Why More of Israel's Iron Dome Will Be Made in the U.S.By
Most of the funding for Israel’s highly effective Iron Dome rocket-defense system has come from the U.S. In exchange for more funds, the Pentagon is now requiring Israel to buy more of the parts of the missile-defense system from American contractors, including Raytheon.
The Senate Appropriations Defense Subcommittee approved on Tuesday a draft 2015 defense spending bill that would double—to $350 million—current levels of U.S. funding of Iron Dome. The full appropriations panel will consider the bill on Thursday.
Iron Dome has saved the lives of Israelis by exploding Hamas rockets in the air before they have a chance to land and deliver their lethal payloads. I saw the interceptors in action during a recent vacation in Israel.
But countering the spray of rockets from Gaza is using up a lot of Tamir interceptor missiles. Israel is getting supplementary funds from the Defense Department to replenish its inventory of interceptors and to build new mobile launch batteries. Meanwhile, the quid pro quo of more U.S. sourcing is starting to go into effect.
As Bloomberg’s Tony Capaccio reported in May, before the latest barrage of rockets from Hamas:
“The Israeli government has agreed to spend more than half the funds the Pentagon provides for its Iron Dome system in the U.S., bolstering the political appeal of the missile-defense system in America.”
A report to Congress by the U.S. Missile Defense Agency, a report Bloomberg News obtained at the time, said funds going to U.S. contractors for components of Iron Dome will jump to 30 percent this year and 55 percent next year. That’s up from just 3 percent in the past.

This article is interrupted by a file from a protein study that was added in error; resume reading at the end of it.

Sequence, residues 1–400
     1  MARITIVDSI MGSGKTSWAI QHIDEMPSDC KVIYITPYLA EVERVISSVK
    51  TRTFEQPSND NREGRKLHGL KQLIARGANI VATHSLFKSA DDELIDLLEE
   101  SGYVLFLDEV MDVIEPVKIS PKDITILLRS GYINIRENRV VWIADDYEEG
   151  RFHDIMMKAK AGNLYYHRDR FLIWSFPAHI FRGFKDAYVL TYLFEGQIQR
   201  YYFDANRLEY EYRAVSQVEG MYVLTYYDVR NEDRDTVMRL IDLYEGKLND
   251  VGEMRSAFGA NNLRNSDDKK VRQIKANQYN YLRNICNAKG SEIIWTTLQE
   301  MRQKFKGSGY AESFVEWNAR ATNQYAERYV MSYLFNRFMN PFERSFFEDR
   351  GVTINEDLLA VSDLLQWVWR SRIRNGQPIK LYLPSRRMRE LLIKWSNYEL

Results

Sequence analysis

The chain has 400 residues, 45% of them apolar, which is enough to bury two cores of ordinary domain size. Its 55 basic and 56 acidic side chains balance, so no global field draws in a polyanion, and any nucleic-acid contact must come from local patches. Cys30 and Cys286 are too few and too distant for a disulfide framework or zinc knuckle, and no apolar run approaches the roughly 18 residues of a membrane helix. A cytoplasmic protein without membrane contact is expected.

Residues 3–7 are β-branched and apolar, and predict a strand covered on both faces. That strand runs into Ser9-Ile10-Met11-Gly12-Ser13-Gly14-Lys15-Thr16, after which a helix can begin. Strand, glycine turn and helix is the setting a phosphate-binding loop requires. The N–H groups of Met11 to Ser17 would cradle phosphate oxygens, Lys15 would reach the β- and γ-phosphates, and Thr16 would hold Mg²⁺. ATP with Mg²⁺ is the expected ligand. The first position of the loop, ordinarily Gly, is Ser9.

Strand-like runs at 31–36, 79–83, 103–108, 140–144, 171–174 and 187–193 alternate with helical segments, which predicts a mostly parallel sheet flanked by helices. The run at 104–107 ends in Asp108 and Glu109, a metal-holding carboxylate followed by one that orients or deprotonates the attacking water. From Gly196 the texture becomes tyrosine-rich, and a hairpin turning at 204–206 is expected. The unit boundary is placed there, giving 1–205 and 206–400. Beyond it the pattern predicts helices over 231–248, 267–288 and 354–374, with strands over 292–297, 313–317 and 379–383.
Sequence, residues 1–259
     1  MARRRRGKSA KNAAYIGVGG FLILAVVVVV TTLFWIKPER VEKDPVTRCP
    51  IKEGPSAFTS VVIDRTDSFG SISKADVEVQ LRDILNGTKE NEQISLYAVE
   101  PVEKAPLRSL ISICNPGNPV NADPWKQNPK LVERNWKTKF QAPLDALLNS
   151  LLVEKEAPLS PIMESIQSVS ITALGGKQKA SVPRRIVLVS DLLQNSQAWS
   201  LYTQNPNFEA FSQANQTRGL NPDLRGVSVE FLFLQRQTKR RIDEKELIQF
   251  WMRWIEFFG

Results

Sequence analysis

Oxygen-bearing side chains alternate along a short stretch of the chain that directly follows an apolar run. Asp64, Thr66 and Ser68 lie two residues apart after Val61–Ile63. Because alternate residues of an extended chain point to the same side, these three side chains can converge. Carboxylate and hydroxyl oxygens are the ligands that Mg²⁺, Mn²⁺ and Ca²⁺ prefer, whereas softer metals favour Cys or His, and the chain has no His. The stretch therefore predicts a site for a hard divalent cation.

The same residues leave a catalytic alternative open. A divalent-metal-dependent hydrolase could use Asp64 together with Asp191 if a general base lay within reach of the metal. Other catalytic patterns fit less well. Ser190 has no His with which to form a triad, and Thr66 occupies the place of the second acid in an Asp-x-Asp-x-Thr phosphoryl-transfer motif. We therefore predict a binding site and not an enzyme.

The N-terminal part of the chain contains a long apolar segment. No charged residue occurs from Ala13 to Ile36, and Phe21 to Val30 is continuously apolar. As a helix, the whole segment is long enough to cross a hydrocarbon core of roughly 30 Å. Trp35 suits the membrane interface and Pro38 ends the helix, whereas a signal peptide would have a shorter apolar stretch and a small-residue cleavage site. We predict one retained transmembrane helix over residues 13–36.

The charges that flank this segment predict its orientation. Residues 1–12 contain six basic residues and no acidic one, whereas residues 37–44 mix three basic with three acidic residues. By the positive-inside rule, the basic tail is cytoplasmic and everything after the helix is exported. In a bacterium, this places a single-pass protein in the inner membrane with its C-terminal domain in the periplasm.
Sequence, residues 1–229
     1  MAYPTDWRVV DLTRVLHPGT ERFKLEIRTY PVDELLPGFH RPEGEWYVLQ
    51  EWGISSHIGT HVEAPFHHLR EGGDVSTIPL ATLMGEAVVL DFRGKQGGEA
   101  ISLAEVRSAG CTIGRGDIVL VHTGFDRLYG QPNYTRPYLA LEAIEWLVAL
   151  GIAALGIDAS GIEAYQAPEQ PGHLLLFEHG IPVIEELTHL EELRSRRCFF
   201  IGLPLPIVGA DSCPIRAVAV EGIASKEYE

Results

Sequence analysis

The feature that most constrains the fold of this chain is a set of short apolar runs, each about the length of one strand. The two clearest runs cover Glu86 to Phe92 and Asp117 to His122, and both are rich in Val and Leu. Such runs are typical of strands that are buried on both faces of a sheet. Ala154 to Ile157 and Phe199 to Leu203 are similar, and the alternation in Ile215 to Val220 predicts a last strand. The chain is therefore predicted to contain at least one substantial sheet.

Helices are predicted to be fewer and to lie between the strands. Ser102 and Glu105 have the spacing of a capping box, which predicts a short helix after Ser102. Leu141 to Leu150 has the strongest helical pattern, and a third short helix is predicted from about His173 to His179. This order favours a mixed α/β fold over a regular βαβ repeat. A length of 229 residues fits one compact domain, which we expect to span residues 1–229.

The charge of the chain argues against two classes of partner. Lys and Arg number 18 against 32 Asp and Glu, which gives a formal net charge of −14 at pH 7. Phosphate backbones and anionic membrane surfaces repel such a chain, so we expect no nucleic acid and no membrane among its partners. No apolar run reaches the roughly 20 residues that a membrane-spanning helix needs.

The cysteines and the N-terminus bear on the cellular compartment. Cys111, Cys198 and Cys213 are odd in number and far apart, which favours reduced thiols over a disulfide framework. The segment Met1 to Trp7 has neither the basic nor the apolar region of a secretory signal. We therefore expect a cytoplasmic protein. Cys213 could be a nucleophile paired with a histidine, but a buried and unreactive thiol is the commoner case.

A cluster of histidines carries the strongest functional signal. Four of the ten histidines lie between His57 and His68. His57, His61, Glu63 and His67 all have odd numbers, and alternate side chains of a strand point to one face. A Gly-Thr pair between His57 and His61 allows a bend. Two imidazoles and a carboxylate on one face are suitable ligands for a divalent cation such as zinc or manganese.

Raytheon, which is in Waltham, Mass., is the world’s biggest missile maker. It’s under contract with Iron Dome’s Israeli maker, government-owned Rafael Advanced Defense Systems, to find suitable U.S. suppliers, the Missile Defense Agency said in the report.
Israel has expressed concern that sourcing parts in the U.S. could cost more. So there’s a provision allowing production of any part to revert to Rafael if its U.S. price exceeds what it would cost to make in Israel by 5 percent or more, according to the documents.
Foreign Policy magazine reported on its website Tuesday that House committee members have “a long list of questions for the Israelis about how they plan to spend the money” and won’t turn over the funds until the questions are answered to the satisfaction of the Pentagon’s Missile Defense Agency. It said that’s not expected to be a problem.
Israel gets more military funding from the U.S. than any other nation. It’s also allowed to spend more of it on non-U.S. sources than other recipient nations. A Congressional Research Service report in April said that the U.S. had provided more than $700 million to Israel for Iron Dome. The latest bill would lift that to about $1 billion.